We were delighted to contribute to BBC Radio 4 Woman’s Hour this week when they ran a section on whether sexual harassment training works and what organisations can do to prevent it.
You can listen to Stella being interviewed here (at 25mins).
The segment was prompted by the House of Lords Peers railing against the training they have been asked to attend to help prevent sexual harassment. The main bone of contention was that a 2 hour “on line” session doesn’t change behaviour.
Our position is and always has been that a training session on its own won’t work.
And if all a client wants is for us to turn up, deliver a session, tick the box and disappear again, we are not the provider for them.
So, what does make a difference?
- Buy in from the senior management team and visible support for the programme – what they say and do can make or break the effectiveness of a programme – so we work with them first to help them understand how to lead from the front
- The positioning and communication around the training – needs to be clear and framed in a positive way – this is about all of us contributing to a workplace culture that is comfortable for all
- The sessions themselves need to be interactive and tailored – we don’t run “open” programmes or provide eLearning as we believe people need to have an opportunity to discuss situations, ask questions, hear other points of view in order to change behaviour
- “Decoding” – we believe we need to help people really think about what the organisation’s Values mean – what does “respect” look like in a day-to-day context? It is too simplistic to say “surely it is common sense”. There are so many blurred lines between work and social lives, workplaces have evolved so rapidly that people really don’t always know where the lines are
- Identifying specific actions – it is vital that training generates specific actions for individuals and teams to implement – awareness is not enough. Our sessions always end with commitment to a set of actions and we follow these up with the organisation to ensure they are being implemented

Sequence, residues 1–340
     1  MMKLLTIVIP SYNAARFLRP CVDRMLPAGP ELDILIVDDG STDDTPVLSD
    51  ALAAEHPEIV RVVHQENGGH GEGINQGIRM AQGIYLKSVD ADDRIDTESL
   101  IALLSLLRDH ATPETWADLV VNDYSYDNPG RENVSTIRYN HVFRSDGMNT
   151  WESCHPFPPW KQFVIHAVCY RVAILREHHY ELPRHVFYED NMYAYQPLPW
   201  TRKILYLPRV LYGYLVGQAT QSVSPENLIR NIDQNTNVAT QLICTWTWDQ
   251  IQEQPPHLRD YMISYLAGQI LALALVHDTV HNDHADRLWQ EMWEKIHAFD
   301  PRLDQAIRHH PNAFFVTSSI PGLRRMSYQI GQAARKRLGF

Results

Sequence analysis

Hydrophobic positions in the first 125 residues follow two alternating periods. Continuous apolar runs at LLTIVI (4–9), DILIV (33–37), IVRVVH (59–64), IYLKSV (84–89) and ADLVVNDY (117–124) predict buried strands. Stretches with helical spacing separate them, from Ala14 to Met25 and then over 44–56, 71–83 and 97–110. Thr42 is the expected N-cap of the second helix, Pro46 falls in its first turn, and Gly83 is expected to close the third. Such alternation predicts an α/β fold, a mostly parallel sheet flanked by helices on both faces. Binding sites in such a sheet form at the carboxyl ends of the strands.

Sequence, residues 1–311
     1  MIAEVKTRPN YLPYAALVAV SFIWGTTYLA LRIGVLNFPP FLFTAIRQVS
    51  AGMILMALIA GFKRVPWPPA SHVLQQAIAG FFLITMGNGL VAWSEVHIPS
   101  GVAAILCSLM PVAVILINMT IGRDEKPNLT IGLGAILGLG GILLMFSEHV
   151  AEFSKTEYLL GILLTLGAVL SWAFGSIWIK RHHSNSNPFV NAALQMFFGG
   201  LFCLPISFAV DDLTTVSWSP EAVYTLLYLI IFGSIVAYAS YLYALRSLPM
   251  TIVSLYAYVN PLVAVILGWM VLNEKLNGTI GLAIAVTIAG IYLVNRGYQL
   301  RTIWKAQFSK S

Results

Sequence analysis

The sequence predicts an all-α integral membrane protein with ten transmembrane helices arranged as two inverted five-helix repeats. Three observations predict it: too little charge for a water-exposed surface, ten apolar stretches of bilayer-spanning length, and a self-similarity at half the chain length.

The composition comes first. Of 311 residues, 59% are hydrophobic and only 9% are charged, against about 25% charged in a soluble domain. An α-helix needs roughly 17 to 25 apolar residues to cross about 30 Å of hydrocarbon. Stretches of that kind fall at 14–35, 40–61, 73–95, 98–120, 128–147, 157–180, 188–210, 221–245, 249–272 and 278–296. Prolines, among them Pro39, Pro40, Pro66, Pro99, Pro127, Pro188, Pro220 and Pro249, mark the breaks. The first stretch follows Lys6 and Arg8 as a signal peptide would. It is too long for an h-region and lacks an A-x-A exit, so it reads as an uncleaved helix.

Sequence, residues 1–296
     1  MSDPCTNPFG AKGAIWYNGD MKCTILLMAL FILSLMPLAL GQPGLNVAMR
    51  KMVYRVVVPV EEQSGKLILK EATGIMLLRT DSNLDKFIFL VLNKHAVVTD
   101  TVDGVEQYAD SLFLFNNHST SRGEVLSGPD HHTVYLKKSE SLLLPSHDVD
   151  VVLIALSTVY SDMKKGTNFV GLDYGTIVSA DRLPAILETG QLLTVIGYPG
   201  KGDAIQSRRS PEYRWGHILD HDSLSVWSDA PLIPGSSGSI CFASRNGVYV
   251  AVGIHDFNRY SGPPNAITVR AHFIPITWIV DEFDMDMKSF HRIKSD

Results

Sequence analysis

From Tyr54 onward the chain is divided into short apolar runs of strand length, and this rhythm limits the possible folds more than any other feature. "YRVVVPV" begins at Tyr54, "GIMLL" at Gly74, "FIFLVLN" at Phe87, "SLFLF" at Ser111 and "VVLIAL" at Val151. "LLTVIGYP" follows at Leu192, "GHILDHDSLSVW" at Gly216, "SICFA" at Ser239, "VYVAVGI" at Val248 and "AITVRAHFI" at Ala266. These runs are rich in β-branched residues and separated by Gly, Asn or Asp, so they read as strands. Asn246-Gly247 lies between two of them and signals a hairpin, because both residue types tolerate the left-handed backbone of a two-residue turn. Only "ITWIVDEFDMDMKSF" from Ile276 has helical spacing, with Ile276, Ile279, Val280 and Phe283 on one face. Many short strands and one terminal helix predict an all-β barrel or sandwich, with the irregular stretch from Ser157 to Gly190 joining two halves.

- Follow up – this is vital – the organisation must take a range of steps to embed the learning and implement actions if the training is going to make a difference. Some of these will be internal, some will be steps we can help with – and will range from creating a team charter, embedding behaviour in team meetings and one to ones to setting up champions roles.
Workshops are part of a raft of measures that organisations need to use to stamp out sexual harassment. There still needs to be robust HR processes and skilled HR teams to deal with incidents when they happen, policies and guidelines to set expectations and mechanisms for raising concerns.
But if we really want to help organisations prevent incidents in the first place, we have to help people understand where the lines are and facilitated workshops are one of the best ways to do this.
For more information about the sorts of issues we help organisations address have a look at our Walk the Line article here.
Listen to our other BBC Radio 4 contribution here – “In Business” confronting sexual harassment.
And have a look at our Managing Inappropriate behaviour page here.